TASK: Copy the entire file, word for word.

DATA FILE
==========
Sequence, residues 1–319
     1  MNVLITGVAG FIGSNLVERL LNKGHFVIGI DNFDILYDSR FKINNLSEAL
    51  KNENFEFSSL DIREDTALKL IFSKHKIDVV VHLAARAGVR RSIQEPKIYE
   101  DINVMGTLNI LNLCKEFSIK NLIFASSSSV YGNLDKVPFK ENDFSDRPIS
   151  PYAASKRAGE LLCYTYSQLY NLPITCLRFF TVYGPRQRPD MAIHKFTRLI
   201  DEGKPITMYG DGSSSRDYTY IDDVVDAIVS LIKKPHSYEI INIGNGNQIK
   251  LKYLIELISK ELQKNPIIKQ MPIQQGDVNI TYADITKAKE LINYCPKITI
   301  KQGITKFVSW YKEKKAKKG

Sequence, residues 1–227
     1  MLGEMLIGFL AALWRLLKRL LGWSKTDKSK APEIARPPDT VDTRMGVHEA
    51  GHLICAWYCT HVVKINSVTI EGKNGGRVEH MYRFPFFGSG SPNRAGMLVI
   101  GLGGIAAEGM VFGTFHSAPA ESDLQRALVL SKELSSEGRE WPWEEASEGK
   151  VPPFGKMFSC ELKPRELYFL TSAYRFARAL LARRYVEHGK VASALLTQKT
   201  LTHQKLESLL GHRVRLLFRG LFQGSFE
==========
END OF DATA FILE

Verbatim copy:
Sequence, residues 1–319
     1  MNVLITGVAG FIGSNLVERL LNKGHFVIGI DNFDILYDSR FKINNLSEAL
    51  KNENFEFSSL DIREDTALKL IFSKHKIDVV VHLAARAGVR RSIQEPKIYE
   101  DINVMGTLNI LNLCKEFSIK NLIFASSSSV YGNLDKVPFK ENDFSDRPIS
   151  PYAASKRAGE LLCYTYSQLY NLPITCLRFF TVYGPRQRPD MAIHKFTRLI
   201  DEGKPITMYG DGSSSRDYTY IDDVVDAIVS LIKKPHSYEI INIGNGNQIK
   251  LKYLIELISK ELQKNPIIKQ MPIQQGDVNI TYADITKAKE LINYCPKITI
   301  KQGITKFVSW YKEKKAKKG

Sequence, residues 1–227
     1  MLGEMLIGFL AALWRLLKRL LGWSKTDKSK APEIARPPDT VDTRMGVHEA
    51  GHLICAWYCT HVVKINSVTI EGKNGGRVEH MYRFPFFGSG SPNRAGMLVI
   101  GLGGIAAEGM VFGTFHSAPA ESDLQRALVL SKELSSEGRE WPWEEASEGK
   151  VPPFGKMFSC ELKPRELYFL TSAYRFARAL LARRYVEHGK VASALLTQKT
   201  LTHQKLESLL GHRVRLLFRG LFQGSFE